Messing about on bikes.

Today is hot by the standards of northern England at 26 celcius. Whilst for many around the world this may seem refreshingly cool, to us it’s rather hot to be riding a mountain bike. My plan was to ride Brinscall Woods to be out of the direct sunshine and to ride with no particular plan. I’d just mess about for a while.

It took me 45 minutes to ride to White Coppice, along the Goit, which is a straightened river, then climb to the top of the woods. For the first descent I used my favourite trail, dropping 270 back down to the Goit from where I climbed by a slightly different route back to the top. The trail surface is typical woodland with loam, often loose for slithering round the corners, and plenty of stones and rocks of various sizes with tree roots protruding above the soil.

Ready to downhill over a rideable fallen tree, which is still alive.
Vegetation obscures the narrow trail in places but I’ve ridden here so many times I know it through muscle memory.

Next I rode a short circuit which I discovered about 18 months ago. It has a flowing downhill start and not too much loss of height. I got confused on the first lap and took a wrong turn so did a second lap in 1 minute 40 seconds, which left me at the top for a third descent. It’s good to work hard on some segments of a relaxed ride to give it more training value. I’ve often mentioned the concept of a Fartlek (speed play) ride and I suppose that is what I did today. I climbed back to the top and rode along the undulating trail to the high point at the south east corner to try a different downhill which I’ve known for years. I haven’t ridden this way very often recently because it’s not as good a descent as the route I took for my first drop but it’s good to add some variety to my riding. I explored some of the different trail options so rode back up a few times and it’s steep, taking me to the limit of my strength, which again is good training.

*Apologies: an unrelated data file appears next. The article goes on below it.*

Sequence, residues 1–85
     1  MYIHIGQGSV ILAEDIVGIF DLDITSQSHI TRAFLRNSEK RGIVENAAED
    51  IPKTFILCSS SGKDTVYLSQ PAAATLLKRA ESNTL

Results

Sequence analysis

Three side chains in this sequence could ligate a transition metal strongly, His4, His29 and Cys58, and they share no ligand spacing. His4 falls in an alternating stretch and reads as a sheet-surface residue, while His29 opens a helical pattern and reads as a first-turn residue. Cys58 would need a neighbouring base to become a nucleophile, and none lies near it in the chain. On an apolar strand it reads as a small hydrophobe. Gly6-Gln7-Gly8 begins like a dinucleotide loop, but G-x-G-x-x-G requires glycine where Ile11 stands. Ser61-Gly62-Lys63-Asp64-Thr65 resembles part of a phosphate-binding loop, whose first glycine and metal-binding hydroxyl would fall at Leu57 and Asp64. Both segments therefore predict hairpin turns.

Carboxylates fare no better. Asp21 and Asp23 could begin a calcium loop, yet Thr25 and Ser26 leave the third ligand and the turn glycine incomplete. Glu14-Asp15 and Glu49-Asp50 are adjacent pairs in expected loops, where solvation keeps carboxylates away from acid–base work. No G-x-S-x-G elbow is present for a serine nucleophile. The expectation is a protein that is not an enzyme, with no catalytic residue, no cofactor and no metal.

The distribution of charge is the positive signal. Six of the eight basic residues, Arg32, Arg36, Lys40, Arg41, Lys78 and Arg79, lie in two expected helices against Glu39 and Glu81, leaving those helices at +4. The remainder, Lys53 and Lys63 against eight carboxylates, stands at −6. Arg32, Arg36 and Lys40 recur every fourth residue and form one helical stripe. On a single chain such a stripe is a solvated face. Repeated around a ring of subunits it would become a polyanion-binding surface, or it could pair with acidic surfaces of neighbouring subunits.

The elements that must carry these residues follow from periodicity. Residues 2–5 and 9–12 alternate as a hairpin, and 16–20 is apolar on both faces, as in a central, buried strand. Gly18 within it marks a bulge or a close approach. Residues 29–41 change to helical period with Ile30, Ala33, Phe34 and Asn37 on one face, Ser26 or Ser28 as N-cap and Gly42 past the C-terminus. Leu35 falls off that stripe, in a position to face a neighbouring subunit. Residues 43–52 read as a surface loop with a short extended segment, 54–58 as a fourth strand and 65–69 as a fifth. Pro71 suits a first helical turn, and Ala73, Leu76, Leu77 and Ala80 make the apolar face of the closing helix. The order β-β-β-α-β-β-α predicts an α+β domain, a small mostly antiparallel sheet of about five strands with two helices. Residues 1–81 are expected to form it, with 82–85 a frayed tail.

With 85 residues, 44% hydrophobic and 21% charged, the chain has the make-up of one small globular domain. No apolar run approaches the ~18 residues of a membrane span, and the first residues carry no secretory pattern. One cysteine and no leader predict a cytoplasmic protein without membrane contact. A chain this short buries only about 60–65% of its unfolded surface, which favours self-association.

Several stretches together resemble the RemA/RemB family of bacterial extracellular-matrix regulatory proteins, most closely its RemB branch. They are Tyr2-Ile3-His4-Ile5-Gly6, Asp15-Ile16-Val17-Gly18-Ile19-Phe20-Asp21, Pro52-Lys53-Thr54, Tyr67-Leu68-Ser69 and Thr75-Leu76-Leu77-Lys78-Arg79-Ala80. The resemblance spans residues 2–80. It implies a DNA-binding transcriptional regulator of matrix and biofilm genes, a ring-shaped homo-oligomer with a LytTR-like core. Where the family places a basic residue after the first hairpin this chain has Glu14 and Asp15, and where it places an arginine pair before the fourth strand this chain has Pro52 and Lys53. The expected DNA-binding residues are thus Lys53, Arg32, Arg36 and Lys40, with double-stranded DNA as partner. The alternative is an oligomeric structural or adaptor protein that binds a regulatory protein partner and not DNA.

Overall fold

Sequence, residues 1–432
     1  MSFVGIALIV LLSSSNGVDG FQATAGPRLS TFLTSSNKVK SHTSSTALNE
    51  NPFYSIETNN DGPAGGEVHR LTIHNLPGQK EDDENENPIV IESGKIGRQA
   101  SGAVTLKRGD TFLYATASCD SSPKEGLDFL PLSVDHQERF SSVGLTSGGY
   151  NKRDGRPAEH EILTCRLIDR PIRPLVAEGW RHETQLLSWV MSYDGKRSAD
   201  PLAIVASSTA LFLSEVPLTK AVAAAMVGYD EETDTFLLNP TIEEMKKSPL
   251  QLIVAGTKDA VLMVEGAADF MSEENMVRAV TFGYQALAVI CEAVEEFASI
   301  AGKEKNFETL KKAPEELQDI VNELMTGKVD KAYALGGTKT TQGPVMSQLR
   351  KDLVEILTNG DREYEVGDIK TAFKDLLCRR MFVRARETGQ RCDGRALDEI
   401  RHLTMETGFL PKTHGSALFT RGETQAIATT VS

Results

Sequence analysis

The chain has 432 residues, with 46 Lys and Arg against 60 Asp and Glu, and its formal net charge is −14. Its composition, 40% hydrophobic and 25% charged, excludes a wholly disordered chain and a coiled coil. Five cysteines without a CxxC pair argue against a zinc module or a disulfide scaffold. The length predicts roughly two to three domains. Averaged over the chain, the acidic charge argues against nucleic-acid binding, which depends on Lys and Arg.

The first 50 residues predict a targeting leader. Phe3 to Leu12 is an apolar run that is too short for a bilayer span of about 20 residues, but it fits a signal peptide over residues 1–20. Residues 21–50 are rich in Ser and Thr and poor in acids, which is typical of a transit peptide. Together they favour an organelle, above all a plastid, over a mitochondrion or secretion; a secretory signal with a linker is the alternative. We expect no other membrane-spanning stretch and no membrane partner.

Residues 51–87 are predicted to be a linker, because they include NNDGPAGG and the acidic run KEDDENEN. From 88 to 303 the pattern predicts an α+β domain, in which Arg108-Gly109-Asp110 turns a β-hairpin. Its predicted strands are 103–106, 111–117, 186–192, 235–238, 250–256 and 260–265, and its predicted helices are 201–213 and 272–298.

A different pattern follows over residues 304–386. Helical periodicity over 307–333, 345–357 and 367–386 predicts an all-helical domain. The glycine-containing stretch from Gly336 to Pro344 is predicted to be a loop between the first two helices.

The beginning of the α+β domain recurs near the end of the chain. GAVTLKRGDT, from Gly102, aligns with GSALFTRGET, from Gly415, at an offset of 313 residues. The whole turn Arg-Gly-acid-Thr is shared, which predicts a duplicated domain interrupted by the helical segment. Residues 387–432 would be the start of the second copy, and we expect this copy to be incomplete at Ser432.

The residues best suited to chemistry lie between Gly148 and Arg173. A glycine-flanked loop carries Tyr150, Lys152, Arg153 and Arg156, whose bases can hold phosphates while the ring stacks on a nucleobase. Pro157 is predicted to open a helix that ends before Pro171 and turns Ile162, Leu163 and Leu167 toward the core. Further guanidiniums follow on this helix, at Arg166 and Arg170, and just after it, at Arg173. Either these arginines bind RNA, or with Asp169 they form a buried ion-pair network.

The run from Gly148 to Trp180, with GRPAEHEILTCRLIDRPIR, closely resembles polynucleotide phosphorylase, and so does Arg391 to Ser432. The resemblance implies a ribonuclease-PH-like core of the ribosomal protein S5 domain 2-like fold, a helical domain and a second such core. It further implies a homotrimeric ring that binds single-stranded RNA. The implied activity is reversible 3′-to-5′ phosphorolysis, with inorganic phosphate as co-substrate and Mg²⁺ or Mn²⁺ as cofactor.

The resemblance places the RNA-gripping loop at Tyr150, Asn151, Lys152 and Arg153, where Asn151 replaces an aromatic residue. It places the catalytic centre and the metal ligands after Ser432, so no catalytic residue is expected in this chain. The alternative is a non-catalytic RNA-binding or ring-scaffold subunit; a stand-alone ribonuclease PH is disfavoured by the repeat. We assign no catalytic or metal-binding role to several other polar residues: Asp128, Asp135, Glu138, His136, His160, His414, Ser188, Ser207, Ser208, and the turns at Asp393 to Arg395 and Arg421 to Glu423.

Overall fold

Riding back towards Healey Nab for a final drop down the man made trails I came across 2 riders on Ebikes. They were full suspension bikes so were probably worth around £5,000 each. I kept pace with them on the undulating trail before we arrived at a gate with a kissing gate option for walkers. At this point I had a distinct advantage, shouldering my bike and using the kissing gate whilst they helped each other to haul the heavy bikes over the gate. We chatted briefly and I left them to struggle. I know that Ebikes allow less fit riders to access the best sport in existence but I’m glad I still have enough fitness to have left them in my wake. The descent of Healey Nab has become slippery through dust now we’ve had a drier period and is running quickly. I’m sure that here my lighter, non assisted bike, would again be faster. Working hard on short sections of the ride left me feeling the effect of the work by the time I got back home.

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